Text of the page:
As we held above, HUD's use of the two-month rule did not, in and of itself, violate any unequivocal command contained in the 1979 amended decree. HUD may, however, have violated an unequivocal command, contained in paragraphs 3 and 14 of the decree, that HUD neither change its policy without notifying plaintiffs' counsel nor fail to provide relief pursuant to the program outlined in the amended decree, if HUD in fact switched its nationwide practice from the advancement rule to the two-month rule following the 1979 amended decree. We remand this case so that plaintiffs, if they choose, may pursue this theory. On remand both parties will have an opportunity to fully litigate the issue of HUD's pre-1980 policy. If plaintiffs can demonstrate by clear and convincing evidence that HUD's consistent nationwide practice prior to 1980 was to use the advancement rule, then HUD was in contempt. HUD will have a chance to establish that the two-month rule was merely a continuation of prior practice or a clarification necessitated by inconsistency among different regional offices. In order to promote an efficient conclusion to this matter, we will address briefly several issues which arose below and probably will surface again on remand.

A. Collateral Estoppel and Law of the Case


Although we mentioned this issue briefly above, see supra Sec. IIA, we now turn again to the issue of what effect the district court's 1983-84 interpretations of the 1979 amended decree have on this case. As noted above, those court decisions had no effect upon the issue of whether HUD violated an unambiguous command contained in the decree.14 Plaintiffs would maintain, however, that to the extent the correct (as opposed to unambiguous) meaning of the consent decree is at issue,15 the district court's 1983-84 decisions which required HUD to use the advancement rule in all pending and future cases16 bar HUD from litigating whether the advancement rule should be applied retroactively.17 We reject that argument.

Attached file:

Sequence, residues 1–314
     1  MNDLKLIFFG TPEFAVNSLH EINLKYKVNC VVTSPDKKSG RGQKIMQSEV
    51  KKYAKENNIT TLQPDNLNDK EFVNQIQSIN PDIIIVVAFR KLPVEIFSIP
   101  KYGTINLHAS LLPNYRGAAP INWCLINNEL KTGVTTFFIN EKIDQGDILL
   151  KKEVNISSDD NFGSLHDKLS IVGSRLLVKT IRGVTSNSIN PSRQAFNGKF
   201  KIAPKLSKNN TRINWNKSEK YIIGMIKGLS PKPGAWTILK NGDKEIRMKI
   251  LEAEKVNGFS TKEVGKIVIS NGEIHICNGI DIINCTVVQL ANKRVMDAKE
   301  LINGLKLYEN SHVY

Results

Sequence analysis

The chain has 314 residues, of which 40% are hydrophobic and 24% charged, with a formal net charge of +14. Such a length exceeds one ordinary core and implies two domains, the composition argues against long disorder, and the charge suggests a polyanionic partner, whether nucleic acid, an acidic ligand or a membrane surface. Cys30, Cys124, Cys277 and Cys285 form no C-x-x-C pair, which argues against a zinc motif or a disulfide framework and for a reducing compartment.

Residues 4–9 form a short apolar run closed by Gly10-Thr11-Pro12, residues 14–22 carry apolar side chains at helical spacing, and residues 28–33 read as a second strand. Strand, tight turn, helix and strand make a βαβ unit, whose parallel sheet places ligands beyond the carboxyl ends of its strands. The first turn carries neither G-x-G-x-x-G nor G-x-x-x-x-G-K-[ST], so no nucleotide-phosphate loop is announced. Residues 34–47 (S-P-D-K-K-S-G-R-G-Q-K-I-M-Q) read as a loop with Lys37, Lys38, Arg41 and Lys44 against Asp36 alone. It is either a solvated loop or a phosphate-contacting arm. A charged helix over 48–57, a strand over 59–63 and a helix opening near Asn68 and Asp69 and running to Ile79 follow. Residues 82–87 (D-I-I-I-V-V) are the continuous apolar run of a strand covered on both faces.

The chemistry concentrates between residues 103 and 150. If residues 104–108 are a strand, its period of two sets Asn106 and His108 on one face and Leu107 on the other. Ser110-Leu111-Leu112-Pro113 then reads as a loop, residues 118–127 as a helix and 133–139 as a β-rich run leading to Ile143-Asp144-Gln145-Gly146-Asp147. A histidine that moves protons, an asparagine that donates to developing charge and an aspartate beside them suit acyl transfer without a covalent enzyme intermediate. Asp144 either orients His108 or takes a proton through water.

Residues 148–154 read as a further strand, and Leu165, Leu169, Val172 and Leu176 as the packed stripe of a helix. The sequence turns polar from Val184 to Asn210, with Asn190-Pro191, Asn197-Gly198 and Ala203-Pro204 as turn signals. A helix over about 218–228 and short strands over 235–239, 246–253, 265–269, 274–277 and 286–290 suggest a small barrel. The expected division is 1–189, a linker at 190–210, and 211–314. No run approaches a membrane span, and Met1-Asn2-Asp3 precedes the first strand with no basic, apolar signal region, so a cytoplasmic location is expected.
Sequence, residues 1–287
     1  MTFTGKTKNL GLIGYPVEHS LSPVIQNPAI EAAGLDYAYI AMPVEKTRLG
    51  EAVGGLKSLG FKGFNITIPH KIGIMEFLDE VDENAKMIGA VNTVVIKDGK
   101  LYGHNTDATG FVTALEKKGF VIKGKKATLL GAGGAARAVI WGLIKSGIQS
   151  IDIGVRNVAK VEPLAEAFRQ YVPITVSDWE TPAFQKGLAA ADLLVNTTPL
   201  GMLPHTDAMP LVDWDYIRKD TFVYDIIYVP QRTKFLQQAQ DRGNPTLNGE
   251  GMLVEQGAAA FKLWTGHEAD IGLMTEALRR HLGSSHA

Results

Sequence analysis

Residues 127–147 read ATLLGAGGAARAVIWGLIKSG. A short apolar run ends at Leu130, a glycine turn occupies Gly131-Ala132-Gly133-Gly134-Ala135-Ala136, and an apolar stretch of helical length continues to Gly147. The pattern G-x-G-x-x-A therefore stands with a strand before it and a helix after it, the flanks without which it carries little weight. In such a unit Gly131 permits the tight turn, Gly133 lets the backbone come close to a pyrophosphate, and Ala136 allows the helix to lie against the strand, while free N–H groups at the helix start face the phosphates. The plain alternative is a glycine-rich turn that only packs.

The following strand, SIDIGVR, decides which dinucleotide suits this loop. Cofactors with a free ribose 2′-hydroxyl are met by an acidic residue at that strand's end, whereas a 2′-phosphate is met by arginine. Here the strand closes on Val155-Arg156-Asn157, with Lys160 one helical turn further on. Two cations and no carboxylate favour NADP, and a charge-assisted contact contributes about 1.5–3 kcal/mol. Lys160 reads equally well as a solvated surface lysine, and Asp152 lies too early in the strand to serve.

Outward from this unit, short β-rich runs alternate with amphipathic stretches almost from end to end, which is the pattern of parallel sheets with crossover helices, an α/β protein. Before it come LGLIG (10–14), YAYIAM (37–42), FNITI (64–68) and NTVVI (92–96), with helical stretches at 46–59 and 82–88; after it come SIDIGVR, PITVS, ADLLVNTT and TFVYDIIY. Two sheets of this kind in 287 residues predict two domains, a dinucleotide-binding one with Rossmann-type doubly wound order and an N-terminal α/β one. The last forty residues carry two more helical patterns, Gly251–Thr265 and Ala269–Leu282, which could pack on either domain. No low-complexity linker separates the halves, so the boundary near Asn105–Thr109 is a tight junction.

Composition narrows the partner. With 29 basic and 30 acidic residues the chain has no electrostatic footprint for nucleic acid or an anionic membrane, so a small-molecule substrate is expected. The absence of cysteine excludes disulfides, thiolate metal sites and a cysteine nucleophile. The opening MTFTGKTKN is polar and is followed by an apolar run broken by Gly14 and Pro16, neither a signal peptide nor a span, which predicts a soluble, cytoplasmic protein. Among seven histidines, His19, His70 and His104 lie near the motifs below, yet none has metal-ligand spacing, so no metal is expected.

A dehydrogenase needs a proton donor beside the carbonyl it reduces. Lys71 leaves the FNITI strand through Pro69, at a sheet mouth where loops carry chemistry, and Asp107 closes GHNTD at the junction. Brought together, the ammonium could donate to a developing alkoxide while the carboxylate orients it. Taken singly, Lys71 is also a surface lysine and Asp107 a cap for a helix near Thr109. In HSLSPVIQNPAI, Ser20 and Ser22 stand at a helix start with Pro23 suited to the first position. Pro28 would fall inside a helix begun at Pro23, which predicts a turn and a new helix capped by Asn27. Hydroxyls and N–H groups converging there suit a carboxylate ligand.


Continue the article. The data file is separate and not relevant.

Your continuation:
The district court, on at least three occasions prior to its contempt citation, interpreted the consent decree to require the advancement rule. Ferrell v. Pierce, 560 F.Supp. 1344, 1366-68 (N.D.Ill.1983); Memorandum Opinion of July 11, 1983; Memorandum Opinion of April 5, 1984. HUD did not appeal the date of default issue in any of these cases. On the basis of these prior cases, the district court ruled that the doctrines of collateral estoppel and law of the case bar HUD from relitigating the issue. We believe that neither the collateral estoppel doctrine nor the law of the case doctrine is applicable to this case.


Collateral estoppel, which is also known as issue preclusion, generally prevents a party from relitigating an issue the party has already litigated and lost. "When an issue of fact or law is actually litigated and determined by a valid and final judgment, and the determination is essential to the judgment, the determination is conclusive in a subsequent action between the parties, whether on the same or a different claim." Restatement (Second) of Judgments Sec. 27 (1982). An essential question whenever collateral estoppel is raised is "whether the issue was actually recognized by the parties as important and by the trier as necessary to the first judgment. If so, the determination is conclusive between the parties in a subsequent action, unless there is a basis for an exception," such as a case where "the significance of the issue for purposes of the subsequent action was not sufficiently foreseeable at the time of the first action." Restatement (Second) of Judgments Sec. 27 comment j.